- Is the landlord going to give you any allowances? For example, if you are accepting the premises AS-IS, will the landlord give you a monetary allowance to help defray the cost to improve the premises? If the landlord will construct improvements to the premises, will the landlord give you any monetary allowance to defray your costs for furniture, fixtures or equipment? In either case, will the landlord give you a monetary “relocation” allowance to help defray your moving costs? Also, whether the landlord willing to incentivize you by providing any rent abatement?
The Services Provided By The Landlord
In addition, the LOI should also specify the services the landlord will provide. For example, will the landlord provide “char” service (i.e., clean the premises nightly), parking (and if so, how many spaces will you be entitled to and will they be free or have to be paid for on a monthly basis). If the building in which the premises are located has a common lobby it will most likely have a building directory. How many listings will you be entitled to and will they be provided at no cost? What about suite-entry signage? Will it be “building standard” at no cost to you or will you be able to erect your own signage provided it is approved by the landlord in advance. Again, if approval is required, will it be subject to a reasonableness standard or be in the landlord’s sole discretion?
The Legal Parameters of the LOI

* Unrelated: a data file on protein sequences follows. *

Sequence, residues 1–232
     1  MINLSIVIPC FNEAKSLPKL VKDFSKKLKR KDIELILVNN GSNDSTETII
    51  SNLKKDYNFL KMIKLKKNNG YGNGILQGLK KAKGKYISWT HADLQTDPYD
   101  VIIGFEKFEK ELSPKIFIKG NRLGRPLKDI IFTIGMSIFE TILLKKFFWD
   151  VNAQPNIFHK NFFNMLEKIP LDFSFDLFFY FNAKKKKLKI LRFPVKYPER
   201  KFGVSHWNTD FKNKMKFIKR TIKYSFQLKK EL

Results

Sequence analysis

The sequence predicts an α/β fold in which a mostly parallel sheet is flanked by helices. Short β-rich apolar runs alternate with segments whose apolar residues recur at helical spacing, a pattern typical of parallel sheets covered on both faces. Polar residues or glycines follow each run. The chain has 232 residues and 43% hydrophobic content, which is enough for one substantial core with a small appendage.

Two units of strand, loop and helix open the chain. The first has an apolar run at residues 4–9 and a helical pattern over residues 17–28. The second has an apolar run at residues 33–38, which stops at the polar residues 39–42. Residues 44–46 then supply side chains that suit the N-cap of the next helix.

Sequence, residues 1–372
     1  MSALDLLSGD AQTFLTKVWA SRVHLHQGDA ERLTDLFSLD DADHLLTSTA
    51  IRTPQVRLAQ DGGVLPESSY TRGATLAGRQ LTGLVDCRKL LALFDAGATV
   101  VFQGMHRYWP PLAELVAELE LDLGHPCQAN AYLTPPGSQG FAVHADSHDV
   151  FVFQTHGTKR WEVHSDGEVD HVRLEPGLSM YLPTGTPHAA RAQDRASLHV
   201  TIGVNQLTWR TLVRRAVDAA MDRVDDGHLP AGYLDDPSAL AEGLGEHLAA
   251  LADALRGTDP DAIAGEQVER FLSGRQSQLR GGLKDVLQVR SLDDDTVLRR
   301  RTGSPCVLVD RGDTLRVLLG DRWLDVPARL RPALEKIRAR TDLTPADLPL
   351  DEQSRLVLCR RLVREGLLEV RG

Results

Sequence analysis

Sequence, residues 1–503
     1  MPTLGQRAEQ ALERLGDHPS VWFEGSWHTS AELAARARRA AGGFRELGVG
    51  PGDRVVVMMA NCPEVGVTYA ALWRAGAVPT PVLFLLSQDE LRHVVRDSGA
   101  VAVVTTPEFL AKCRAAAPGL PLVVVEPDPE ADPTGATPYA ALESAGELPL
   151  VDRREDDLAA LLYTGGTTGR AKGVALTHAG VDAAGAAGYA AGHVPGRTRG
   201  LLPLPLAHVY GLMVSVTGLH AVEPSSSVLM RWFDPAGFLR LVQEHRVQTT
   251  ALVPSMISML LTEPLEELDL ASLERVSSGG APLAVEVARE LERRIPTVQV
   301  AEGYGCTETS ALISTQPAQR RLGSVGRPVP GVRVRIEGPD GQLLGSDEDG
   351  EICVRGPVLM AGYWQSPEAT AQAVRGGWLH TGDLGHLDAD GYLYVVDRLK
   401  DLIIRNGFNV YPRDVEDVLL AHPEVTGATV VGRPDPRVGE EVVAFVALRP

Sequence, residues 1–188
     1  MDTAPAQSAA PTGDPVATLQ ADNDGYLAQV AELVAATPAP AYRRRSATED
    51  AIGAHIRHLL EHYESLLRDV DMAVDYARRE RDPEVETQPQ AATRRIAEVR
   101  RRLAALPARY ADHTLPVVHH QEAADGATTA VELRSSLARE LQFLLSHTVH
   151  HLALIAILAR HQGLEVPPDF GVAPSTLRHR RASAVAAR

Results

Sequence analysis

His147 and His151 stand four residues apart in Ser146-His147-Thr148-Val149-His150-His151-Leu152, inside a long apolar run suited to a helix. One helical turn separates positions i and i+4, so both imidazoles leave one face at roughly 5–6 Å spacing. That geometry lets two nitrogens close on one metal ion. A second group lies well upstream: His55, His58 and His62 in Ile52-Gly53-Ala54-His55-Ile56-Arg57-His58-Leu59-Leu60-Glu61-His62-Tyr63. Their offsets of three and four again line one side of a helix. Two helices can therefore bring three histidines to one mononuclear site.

The LOI should also specify if either party relied on a real estate broker in identifying the subject premises and, if so, it should identify the names of the broker(s) and who will be responsible for payment of the brokerage commissions.
One provision that must be included should state that the LOI is not binding on either party until the lease document is executed by both parties. (It is not unfair, however, for a tenant to ask the landlord not to market the space in question for a specified period time to allow the parties to negotiate the final lease document.)
A properly negotiated LOI can prevent future surprises during the negotiation of the lease. If you are using a real estate agent, the agent can assist you in negotiating the LOI. It also is a good investment to retain a lawyer to participate in the negotiations or at least review of the LOI before you execute it.
In my next blog I will discuss the critical points to be aware of when the lease itself is negotiated.